You’ll be spending a total of $25,000, seeing each business laptop cost about $1,000 per device. That isn’t exactly pocket change and with its limited resale value, that’s money you won’t ever recover. Thus, it is tempting to opt for the cheaper consumer laptop instead, priced at about $500 each for a total of $12,500. With this consumer-grade option aimed at everyday users, you can save half from the cost of business laptops.
So, is it worth it to buy a costlier business laptop? Or can a consumer laptop service the needs of your employees just fine? We’ll take a closer look at the business laptop vs. consumer laptop debate.
In the debate of consumer laptop vs. business laptops, you need to take into account the requirements of your workforce.
They need a highly functional, sturdy device optimized for high battery life. Said devices run for a minimum of eight to ten hours every day with frequent video calls and use of enterprise software.
Business laptops are pricier, but they come with the components and functionality to match. Expect retina screens, fast processors, and tough casing shells. That’s because the laptop OEMs understand the needs of business users — they run all the time and are expected to last for years on end.
No corporation wants to put in a large purchase order for laptops only to see them break down after a couple of years. On top of that, they’re not going to buy the excuse that employees were tough on the devices; after all, that’s par for the course. Hence, business machines are built specifically to withstand minor drops and some are water and dust-resistant.
Consumer-grade laptops are cheaper and for a good reason. The materials used in their design aren’t nearly as durable. Manufacturers expect consumers to go easier on their personal devices and treat them with greater care. Plus, the industry standard is that consumers replace their laptops every two to three years, hence the cheaper materials.
Consumer laptops are flashier and may be easier on the eye in terms of design, but they’re not going to fulfill your business’ needs for durability.
The higher price for business laptops means you get better battery life, too. The Dell XPS, for example, has a battery life of about 12 hours. The Dell Inspiron provides about 5 hours. Likewise, the Lenovo ThinkPad series offers up to 15 hours of battery life, while the IdeaPad offers about 8 hours. Similarly, you will see a noticeable gap in battery life between HP’s Pro and consumer-grade laptops.
Higher battery life directly impacts your employees. It’s possible that they prefer to work remotely or are frequently traveling, such as for sales calls. Which is why you can’t expect them to have a charger handy at all times — a twelve-hour battery life means a fully-charged device will last the entire day without any problems.
Businesses spend about $13 million each combating cybercrime, so you want your employees’ devices to be as secure as possible. Business laptops often have features like biometric security options. What’s more, they ship with professional operating systems that are inherently far more secure than the consumer-grade options.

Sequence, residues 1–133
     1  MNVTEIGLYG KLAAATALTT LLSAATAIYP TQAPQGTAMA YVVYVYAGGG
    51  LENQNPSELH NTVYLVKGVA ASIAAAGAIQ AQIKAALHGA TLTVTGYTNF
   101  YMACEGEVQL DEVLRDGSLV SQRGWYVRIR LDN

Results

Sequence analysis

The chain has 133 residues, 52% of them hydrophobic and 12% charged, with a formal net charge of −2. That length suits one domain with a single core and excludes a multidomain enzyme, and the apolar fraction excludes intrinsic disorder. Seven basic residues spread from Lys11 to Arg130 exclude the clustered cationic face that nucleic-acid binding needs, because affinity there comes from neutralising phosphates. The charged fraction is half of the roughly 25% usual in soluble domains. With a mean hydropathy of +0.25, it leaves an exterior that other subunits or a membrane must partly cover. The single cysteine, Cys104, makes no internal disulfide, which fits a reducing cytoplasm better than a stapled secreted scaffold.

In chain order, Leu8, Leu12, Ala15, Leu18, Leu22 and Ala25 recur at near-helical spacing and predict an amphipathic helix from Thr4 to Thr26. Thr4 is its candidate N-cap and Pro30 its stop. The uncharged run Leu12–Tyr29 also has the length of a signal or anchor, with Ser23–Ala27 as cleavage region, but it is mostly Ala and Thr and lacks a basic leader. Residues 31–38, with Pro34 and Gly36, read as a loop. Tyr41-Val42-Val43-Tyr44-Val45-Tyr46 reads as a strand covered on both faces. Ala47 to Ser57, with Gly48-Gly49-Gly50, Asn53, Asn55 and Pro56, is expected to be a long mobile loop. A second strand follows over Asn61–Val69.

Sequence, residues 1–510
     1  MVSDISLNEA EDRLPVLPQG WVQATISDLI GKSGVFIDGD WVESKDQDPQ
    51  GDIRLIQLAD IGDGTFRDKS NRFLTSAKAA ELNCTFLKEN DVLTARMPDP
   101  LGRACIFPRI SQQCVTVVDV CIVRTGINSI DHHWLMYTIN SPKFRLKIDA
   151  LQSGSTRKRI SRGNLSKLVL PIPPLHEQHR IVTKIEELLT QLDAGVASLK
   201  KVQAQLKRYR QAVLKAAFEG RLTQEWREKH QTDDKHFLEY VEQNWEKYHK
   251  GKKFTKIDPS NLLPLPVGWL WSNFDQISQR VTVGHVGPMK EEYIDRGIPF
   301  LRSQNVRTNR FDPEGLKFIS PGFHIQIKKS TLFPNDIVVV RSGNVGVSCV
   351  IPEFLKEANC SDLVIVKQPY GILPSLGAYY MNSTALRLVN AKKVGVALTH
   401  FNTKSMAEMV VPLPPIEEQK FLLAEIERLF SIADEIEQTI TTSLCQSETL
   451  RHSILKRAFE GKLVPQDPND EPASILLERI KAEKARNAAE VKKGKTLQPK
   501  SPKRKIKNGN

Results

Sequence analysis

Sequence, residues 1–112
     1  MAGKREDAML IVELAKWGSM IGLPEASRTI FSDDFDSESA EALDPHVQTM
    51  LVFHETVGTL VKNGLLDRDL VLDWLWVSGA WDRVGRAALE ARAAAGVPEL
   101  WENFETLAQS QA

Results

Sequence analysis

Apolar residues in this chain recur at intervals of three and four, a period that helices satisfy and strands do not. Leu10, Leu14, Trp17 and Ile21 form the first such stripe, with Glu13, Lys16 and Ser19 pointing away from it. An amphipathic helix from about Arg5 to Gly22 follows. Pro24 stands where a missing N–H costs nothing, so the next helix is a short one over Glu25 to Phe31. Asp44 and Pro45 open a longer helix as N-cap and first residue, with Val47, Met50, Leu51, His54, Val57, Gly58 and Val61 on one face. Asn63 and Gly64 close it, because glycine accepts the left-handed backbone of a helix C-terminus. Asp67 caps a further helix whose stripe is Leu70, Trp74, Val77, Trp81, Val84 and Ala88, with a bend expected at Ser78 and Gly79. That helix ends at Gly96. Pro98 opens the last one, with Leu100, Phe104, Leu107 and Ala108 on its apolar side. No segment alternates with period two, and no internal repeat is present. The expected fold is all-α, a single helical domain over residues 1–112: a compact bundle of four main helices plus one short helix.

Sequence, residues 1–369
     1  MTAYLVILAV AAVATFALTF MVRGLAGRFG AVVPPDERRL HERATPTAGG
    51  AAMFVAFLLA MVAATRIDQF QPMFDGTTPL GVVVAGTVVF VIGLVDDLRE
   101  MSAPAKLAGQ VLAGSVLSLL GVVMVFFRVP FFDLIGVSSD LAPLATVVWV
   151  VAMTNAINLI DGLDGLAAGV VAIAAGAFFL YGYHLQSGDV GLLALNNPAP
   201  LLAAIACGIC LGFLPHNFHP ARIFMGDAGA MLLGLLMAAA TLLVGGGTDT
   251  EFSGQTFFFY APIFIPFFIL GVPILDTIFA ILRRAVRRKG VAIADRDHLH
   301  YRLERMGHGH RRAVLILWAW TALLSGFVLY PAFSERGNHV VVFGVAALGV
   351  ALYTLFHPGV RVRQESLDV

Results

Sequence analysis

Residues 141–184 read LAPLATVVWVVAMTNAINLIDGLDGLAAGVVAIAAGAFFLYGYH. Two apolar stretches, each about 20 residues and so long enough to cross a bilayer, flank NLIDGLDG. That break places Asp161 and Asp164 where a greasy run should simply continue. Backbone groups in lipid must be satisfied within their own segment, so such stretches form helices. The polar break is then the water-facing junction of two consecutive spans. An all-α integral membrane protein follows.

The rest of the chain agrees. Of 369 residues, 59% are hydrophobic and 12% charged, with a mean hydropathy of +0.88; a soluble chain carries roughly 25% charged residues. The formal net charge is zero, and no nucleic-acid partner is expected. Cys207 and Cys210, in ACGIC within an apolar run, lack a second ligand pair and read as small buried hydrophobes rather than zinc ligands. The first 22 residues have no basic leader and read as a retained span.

Another aspect to the business vs. consumer laptop debate is that of warranties. Manufacturers often entice corporations for bulk purchases by throwing in dedicated after-sales support and warranties that can last two to three years.
Consumer laptops don’t get the same treatment. Individual buyers aren’t looking to purchase dozens of machines, so will have to contend with standard warranties that are typically about a year or so.
Business employees work with several enterprise applications at any given point. Business laptops come equipped with faster processors, higher RAM, and larger and faster hard drives. There will also be a difference in the CPUs. For example, a consumer laptop using a 7th gen Core i5 won’t be as powerful as a business laptop with an 8th gen Core i5 — the latter is quad-core, while the former is an older dual-core model.
Even in terms of things like RAM and hard drives, business laptops will generally incorporate solid-state drives (SSD) from trusted manufacturers. Not only will these laptops be noticeably faster, but more reliable too. With many consumer laptops, especially those on the lowest-cost end, you might get much slower hard-disk drives (HDD).
At the end of the day, you want to equip your employees with the tools they need to succeed and the machines they use are an important component. Business laptops are a superior option.
The decision is yours at the end of the day. But with the requirements of the modern workforce — cloud computing applications, remote work, frequent video conferencing, and military-grade security — consumer laptops are an inherently poor fit for these tasks.
You might save a few thousand dollars if you decide to go with cheaper consumer laptops. However, this decision may cost you dearly in the long run if your employees are unproductive or there’s a crippling loss of data due to poor security.